One thing that does concern me is the omission from His Excellency’s Speech of any mention of Australia’s position in the shipping industry and our failure to move into the field of containerisation. What are we doing to relieve the serious strain being placed on Australia’s trade balances by the freight charges we have to pay each year? I have with me a table setting out the freight charges that this country has had to pay out to other countries. It does not include freight on our exports; it relates only to the freight paid on our imports in the last ten years. With the concurrence of honourable members, I incorporate it in Hansard.

Compiled by the Commonwealth Parliamentary Library Legislative Research Service from figures published in ‘Balance of Payments’ by the Commonwealth Bureau of Census and Statistics.

The table shows the huge sums that are involved. For instance, in 1964-65 we paid out $290m in freight charges; in 1965-66 the figure was $3 04m and the total for the last ten years was £2,299m. An amount of that size should be causing the Government some concern. The Parliament should be given some indication of what the Government proposes to do about overcoming the effect on our overseas balances of this serious outflow.

There is one way in which I think a great deal could be done. At the moment, there is a great revolutionary change taking place in shipping methods throughout the world. Every major trading country is now changing its system of handling cargo other than bulk cargo. These major trading countries include the United Kingdom, the United States of America, Germany, France and Holland. What worries me is that Australian industry and commerce are not taking any part whatsoever in this change. We are still at the mercy of overseas shipping lines.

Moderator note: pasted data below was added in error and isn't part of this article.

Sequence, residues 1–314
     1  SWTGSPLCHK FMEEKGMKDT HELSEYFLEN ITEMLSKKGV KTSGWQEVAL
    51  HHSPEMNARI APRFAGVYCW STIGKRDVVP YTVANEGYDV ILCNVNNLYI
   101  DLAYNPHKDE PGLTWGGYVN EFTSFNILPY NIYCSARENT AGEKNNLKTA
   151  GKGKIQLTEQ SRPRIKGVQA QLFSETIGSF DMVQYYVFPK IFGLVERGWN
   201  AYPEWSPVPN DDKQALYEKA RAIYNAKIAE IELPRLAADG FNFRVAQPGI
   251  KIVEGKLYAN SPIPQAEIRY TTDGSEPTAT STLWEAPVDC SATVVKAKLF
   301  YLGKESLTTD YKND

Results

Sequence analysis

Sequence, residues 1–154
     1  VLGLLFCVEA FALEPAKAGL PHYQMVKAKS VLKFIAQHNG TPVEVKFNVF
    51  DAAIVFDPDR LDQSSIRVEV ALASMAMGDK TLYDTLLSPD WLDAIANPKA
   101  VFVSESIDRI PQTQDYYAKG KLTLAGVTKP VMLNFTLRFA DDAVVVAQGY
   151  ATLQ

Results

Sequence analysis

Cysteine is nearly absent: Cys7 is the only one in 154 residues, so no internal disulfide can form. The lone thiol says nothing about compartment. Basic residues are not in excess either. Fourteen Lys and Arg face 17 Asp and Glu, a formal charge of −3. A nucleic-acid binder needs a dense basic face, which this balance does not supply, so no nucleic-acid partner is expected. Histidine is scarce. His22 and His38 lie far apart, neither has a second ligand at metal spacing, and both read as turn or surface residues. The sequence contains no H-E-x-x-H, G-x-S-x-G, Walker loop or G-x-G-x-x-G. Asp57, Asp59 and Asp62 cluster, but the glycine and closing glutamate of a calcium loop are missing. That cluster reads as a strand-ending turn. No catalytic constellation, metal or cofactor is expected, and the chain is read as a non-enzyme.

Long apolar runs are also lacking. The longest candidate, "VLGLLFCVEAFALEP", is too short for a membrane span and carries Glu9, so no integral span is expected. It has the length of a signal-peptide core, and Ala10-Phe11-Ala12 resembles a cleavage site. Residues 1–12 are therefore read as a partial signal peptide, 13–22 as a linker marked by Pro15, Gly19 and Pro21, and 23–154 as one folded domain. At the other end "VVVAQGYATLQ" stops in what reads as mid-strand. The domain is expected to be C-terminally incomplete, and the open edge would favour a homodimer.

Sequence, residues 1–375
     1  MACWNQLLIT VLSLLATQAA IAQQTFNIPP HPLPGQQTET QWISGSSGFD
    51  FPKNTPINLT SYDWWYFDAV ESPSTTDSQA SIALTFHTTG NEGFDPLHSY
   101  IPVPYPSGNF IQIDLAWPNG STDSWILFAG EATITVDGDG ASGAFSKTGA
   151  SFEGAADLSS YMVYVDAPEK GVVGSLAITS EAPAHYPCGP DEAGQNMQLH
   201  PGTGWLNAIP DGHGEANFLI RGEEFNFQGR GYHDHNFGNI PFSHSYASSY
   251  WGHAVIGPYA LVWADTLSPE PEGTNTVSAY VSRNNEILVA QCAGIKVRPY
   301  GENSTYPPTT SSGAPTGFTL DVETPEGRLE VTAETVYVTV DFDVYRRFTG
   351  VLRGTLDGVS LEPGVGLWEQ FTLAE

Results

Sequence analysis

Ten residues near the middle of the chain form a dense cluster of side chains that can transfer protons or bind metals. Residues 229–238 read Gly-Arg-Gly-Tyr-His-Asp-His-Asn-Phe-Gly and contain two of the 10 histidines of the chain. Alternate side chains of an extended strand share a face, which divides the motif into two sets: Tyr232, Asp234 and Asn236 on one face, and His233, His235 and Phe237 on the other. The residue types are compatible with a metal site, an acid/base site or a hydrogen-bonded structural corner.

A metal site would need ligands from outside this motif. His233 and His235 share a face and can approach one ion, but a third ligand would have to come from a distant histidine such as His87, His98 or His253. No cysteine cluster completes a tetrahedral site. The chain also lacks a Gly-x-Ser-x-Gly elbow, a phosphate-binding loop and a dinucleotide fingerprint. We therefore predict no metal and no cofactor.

At the present time, the Australia-United Kingdom-Europe Conference is made up of fourteen British and nine European shipping lines. Those twenty-three shipping lines will continue to control completely all Australia’s overseas shipping transport. I know that we cannot demand that all our exports and all our imports be carried by our ships, but we are entitled to expect that half be carried in Australian owned ships. The Government will not take any action on this matter.

The change to which I refer is the change to containerisation. Overseas Containers Ltd has announced that it will be building six container vessels each of a capacity of 27,000 tons. 1 believe they are to cost somewhere in the vicinity of $12m each. Five of those ships are to be built in Germany and one on the Clyde in Scotland. Those six ships, together with three container ships which will be built in 1969 by Associated Container Transportation - here again we have a consortium of British shipping lines - will carry approximately 40% of the non-bulk cargoes carried from Australia to the United Kingdom. At the present time, these cargoes are being carried by 100 ships which are owned by the fourteen British and nine foreign shipping lines.